Transforming Lives

Every day, all over the world, USAID brings peace to those who endure violence, health to those who struggle with sickness, and prosperity to those who live in poverty. It is these individuals — these uncounted thousands of lives — that are the true measure of USAID’s successes and the true face of USAID's programs.

Roadside bombs not only cause serious problems for international military forces, but result in hundreds of civilian deaths and injuries each year. One of these bombs killed ten-year-old Zarif’s father when fighting erupted between the Taliban and the international military forces. Only months before, his younger brother had died in a Taliban attack. The deaths of his brother and father were bitter emotional blows for the family and the loss of his father spelled severe financial hardship. For families living on the margin, the loss or injury to a breadwinner can plunge them into desperate circumstances.

Afghanistan’s information technology sector is one of the country’s success stories. There has been a huge expansion in the use of mobile phone technology and Internet penetration in recent years. In 2001 Afghanistan’s communications infrastructure was almost non-existent, whereas today most Afghans have access to a mobile phone. The country still faces, however, huge social problems related to poverty, illiteracy, and lack of electricity. With the extraordinary growth in new technology, Afghans need to find new technology solutions to its age-old problems. 

Founded in 1931, Kabul University is the oldest and largest institution of higher learning in Afghanistan. The university is recognized internationally and its credentials are renowned but its rich culture, history, and academic excellence have been devastated by decades of wars and instability.

USAID, through its Afghanistan Infrastructure Rehabilitation Program, recently completed construction of the Regak Bridge located in the volatile Uruzgan province. Straddling the Shakur River, the bridge was constructed in an area faced with border disputes, insurgency, drug trafficking, and river flooding due to snow melt and rain.
 

Six-year-old Sayeeda and her best friend Fareeda were out playing near their home when bullets started whizzing past them. A shoot-out had erupted between insurgent fighters and international troops. Both girls ran for home. Moments later, Sayeeda was shot in the chest. As Fareeda stopped to help her friend, she also was shot.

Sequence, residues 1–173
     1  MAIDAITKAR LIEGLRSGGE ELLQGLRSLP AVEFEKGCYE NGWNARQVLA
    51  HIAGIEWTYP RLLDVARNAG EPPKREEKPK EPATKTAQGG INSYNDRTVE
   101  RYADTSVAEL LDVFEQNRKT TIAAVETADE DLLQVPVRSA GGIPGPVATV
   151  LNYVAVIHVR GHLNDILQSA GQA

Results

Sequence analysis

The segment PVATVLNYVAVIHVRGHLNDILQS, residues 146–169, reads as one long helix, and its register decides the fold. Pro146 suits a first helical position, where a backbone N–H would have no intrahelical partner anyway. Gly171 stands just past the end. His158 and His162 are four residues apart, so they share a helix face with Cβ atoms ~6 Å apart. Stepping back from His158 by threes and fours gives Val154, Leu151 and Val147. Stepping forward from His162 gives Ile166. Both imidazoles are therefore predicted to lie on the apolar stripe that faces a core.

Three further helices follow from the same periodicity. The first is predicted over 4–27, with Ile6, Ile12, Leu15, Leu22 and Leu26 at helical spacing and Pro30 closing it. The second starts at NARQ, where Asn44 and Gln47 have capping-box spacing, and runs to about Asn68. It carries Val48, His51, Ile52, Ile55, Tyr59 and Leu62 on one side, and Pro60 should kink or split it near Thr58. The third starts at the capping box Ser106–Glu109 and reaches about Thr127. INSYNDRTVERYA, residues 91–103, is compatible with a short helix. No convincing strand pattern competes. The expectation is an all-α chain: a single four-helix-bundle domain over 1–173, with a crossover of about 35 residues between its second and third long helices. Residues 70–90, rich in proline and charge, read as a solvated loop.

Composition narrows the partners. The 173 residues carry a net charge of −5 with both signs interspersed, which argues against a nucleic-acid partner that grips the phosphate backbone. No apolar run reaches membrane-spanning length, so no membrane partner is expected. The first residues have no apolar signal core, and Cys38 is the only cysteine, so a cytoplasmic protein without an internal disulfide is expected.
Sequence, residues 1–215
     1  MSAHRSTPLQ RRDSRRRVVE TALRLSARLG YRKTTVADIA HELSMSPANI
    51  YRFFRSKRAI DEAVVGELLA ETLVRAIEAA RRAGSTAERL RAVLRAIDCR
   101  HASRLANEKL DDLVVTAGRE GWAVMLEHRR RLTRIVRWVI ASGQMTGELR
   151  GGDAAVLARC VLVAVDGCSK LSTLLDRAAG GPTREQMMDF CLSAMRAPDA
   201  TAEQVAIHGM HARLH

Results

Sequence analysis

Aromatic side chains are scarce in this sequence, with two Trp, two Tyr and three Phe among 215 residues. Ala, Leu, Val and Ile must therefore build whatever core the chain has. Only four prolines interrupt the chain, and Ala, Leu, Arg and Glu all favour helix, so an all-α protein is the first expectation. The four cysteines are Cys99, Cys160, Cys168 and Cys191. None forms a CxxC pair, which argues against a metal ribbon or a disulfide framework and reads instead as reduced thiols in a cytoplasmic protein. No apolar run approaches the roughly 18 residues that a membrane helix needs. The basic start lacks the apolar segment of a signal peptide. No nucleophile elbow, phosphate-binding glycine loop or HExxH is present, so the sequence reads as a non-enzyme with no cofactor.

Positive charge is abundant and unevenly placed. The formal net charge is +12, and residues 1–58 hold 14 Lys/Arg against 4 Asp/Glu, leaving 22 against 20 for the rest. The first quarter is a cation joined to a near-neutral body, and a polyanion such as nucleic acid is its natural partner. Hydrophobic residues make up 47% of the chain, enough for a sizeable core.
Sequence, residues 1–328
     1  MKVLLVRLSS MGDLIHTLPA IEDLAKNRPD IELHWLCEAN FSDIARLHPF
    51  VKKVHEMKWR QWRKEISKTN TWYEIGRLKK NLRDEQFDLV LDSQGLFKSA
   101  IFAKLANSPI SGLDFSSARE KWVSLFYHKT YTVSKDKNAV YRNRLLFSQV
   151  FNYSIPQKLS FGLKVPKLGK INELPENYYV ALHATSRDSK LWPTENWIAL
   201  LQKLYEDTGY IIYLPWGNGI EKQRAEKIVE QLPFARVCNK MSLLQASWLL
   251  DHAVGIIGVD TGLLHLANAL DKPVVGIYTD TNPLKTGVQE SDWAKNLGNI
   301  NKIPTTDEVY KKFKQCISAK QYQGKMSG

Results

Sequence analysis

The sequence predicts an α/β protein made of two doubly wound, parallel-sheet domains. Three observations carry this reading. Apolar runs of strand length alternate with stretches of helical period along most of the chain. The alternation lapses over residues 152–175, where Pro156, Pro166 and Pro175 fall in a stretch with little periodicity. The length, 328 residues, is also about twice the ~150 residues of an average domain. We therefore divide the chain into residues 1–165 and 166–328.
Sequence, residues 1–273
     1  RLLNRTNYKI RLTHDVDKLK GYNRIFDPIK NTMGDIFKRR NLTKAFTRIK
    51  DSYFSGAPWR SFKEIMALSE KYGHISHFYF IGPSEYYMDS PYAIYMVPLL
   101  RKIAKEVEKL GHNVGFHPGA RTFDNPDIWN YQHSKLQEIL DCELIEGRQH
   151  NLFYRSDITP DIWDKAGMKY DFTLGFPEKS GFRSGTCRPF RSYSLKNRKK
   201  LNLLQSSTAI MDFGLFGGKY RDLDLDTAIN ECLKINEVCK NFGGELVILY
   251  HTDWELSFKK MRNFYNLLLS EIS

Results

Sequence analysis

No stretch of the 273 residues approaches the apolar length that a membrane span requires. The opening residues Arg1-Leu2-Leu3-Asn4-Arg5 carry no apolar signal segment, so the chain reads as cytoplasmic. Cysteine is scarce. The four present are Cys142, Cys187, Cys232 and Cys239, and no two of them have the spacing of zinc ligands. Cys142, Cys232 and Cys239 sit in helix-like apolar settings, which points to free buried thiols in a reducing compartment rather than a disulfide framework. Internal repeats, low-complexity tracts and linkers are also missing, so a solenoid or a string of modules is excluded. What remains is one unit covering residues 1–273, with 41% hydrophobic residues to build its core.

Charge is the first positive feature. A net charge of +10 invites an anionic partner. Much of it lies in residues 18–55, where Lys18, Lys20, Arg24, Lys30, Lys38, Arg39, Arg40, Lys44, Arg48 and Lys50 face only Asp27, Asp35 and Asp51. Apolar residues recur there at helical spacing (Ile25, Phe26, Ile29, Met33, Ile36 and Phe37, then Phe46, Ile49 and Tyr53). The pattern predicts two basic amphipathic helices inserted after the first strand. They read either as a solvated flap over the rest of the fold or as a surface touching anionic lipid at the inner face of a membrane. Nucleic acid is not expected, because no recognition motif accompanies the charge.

Sperwan, a village located in Panjwai District of Kandahar Province, relies on agriculture for its livelihood. It is also an area of vital significance for the region’s security. Residents are often the victims of harassment and intimidation inflicted by anti-government forces. These distractions hinder progress on the municipality’s efforts to rebuild the rural infrastructure. When local farmers summoned the courage to approach the district governor with a request to repair their canal, they learned that their government lacked the resources to assist with this initiative.

For most farmers in Afghanistan, cash crops do not yield a high cash return, a problem compounded by the fact that many farmers in a given area grow the same crops. This increases local competition and makes the produce more difficult to market. USAID is introducing timber and orchards in Badakhshan as an alternative to traditional vegetable farming and a way to break out of this cycle.

Ten children were killed and four injured when a suicide bomber rammed his vehicle into an international military convoy in the district of Tirin Kot in Uruzgan Province. One other civilian died.

As is common throughout Afghanistan, the city of Jalalabad does not have an updated urban plan, and until the city approves a new one, the existing 50-year old plan remains the official city blueprint. For both the municipality and citizens alike, this means that community needs and municipal goals cannot be achieved, services are not adequately provided, and land use goes unchecked.

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Last updated: January 12, 2015